Saudi Arabia Is Putting Itself First

More than a week after Saudi Arabia failed to persuade all of its fellow OPEC members to increase oil output, analysts and investors are still trying to sort out the meaning of the fracas. One of the consequences may be the death of OPEC—or at least its irrelevance for the foreseeable future. As Saudi Arabia seeks to manage the fallout from the Arab Spring, the kingdom is engineering a new economic and foreign policy that clearly puts its interests first and those of OPEC second.

The Saudis have been under pressure from Western patrons and Asian customers for weeks to increase oil supplies. Worried that global growth is in danger of seizing up—and that demand for oil will slide as a result—the Saudis decided that to preserve their own growth they had to guard the economic health of their customers by making oil more affordable.

When an unsympathetic group of OPEC members including Libya, Iran, Algeria, and Venezuela shot down the idea of increasing supply, the Saudis vowed they would go their own way. Saudi Aramco, the kingdom's national oil company, quickly contacted refiners in India, China, South Korea, Taiwan, and Europe, asking whether they wanted more oil. Suddenly the Saudis' desire for a modest increase in output was transformed into a determination to show rival oil suppliers that it was still calling the shots in the global energy market. "They came to raise the ceiling, but [OPEC has] wound up killing it," says Bhushan Bahree, an OPEC analyst at IHS CERA (IHS).

In a recovering oil market there is always tension between the Saudis and their Gulf allies—who all have excess oil they can quickly bring to market—and producers such as Venezuela and Iran. The latter two countries lack the wells and developed fields needed to pump more oil on short notice, and often argue for limiting production to raise prices.

At the latest OPEC meeting the civil war in Libya, an OPEC member, and tensions between Saudi Arabia and Iran, the leaders of the two main factions in the cartel, aggravated the differences between the two sides. "Saudi Arabia has invested billions in its oil sector while other members haven't," says Sadad I. al-Husseini, a former senior Aramco executive and now a consultant. "They're still fighting revolutions and confusing foreign and economic policy."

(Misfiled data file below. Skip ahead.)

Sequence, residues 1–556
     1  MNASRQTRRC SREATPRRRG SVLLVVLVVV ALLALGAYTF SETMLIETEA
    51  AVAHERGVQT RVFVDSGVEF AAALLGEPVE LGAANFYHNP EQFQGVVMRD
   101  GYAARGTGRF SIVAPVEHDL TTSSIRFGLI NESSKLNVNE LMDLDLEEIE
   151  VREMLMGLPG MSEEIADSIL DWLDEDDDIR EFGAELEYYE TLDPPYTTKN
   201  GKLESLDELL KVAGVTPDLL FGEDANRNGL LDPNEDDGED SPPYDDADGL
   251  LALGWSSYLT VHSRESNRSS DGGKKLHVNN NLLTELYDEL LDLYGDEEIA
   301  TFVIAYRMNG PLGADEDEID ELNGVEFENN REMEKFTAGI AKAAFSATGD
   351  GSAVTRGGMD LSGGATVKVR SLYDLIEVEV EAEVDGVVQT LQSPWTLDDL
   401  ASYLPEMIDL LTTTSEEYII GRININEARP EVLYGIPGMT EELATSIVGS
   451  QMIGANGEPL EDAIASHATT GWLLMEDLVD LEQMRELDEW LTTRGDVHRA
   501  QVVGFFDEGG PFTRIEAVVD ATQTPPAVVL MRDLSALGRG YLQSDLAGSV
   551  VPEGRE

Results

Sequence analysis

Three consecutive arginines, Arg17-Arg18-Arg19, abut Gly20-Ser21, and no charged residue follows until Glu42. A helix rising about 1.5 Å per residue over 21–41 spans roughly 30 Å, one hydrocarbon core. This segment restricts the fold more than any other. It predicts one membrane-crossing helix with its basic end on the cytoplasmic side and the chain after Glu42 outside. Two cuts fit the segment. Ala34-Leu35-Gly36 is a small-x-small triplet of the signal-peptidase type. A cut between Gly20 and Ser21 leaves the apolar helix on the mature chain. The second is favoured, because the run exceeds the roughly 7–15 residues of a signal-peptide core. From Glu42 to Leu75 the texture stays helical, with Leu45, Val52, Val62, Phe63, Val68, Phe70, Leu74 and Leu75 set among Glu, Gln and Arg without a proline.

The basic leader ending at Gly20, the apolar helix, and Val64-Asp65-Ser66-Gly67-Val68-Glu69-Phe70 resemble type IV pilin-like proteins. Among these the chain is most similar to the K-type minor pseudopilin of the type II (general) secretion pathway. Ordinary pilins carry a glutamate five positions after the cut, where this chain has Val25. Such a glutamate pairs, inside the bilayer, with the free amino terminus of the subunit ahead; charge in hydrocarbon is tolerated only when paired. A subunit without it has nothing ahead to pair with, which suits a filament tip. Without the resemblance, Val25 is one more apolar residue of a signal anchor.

The Iranian-Saudi rivalry has grown especially bitter. Iran, the world's No. 4 oil producer, and Saudi Arabia, the No. 1 exporter, ideally would work jointly to manage oil prices. The Saudis have grown alarmed at the spread of Iranian influence. The Shiite Iranians now influence policy in Iraq, which could turn into a big oil producer.

The Sunni Saudis have accused the Iranians of fomenting dissent in Shiite-majority Bahrain and in Saudi Arabia's own Eastern Province, which has a Shiite majority. Saudi troops spearheaded an Arab force that rolled into Bahrain on Mar. 15 to crush the mainly Shiite demonstrators threatening the Bahraini royal family, who like the Saudis are Sunni Muslims. "Iranian sectarianism is the cause of the tension," says Sheikh Abdul Mohsen Al-Obeikan, an adviser to the Saudi royal court.

The OPEC schism means the Saudi-led Cooperation Council for the Arab States of the Gulf (GCC) will likely become more important in developing energy policy. The council consists of six Gulf Arab monarchies and includes three other major oil producers: Kuwait, Qatar, and the United Arab Emirates. "Saudi Arabia and the other three GCC countries are able and willing to supply whatever the market needs," Saudi Oil Minister Ali al-Naimi said on June 8.

The GCC is not just a mini-OPEC: It's a free-trade union and a military alliance that's growing tighter as the Iranian threat looms larger. The Saudis who marched into Bahrain were part of a GCC force called the Peninsula Shield. To strengthen the alliance, the Saudis have dangled the prospect of GCC membership to fellow Sunni monarchs in Morocco and Jordan—perhaps because these countries could be a source of troops in an Iranian-Saudi showdown. The GCC has also promised $10 billion each in support to Bahrain and Oman, a less well-off member of the GCC. "From Bahrain to OPEC, the kingdom is showing Iran who's boss," says Theodore Karasik, an analyst at the Institute for Near East and Gulf Military Analysis in Dubai.

Oil and the army are two of the Saudis' major weapons. The other is cash. Saudi King Abdullah's pledge of $130 billion in housing subsidies and other services to his own subjects is well-known. Saudi generosity is also extending to Egypt. Although they're dismayed by the ouster of President Hosni Mubarak, the Saudis are trying to influence Mubarak's successors, whoever they turn out to be, by supplying $4 billion in economic assistance.

The Saudis' allies are starting to imitate the kingdom's policies. The Kuwait government sent every citizen, infants included, a payment of about $3,600 earlier this year. Kuwaitis as well as their household servants now get generous allocations of free chicken, rice, sugar, cheese, baby formula, and other food. "It is becoming a burden," says Kamel al-Harami, a Kuwaiti analyst. Yet such policies are helping to keep chaos at bay—goal No. 1 for the Saudis and their allies.

The bottom line Saudi Arabia is forging a new policy that relies less on OPEC and more on its own resources and those of its Sunni allies.

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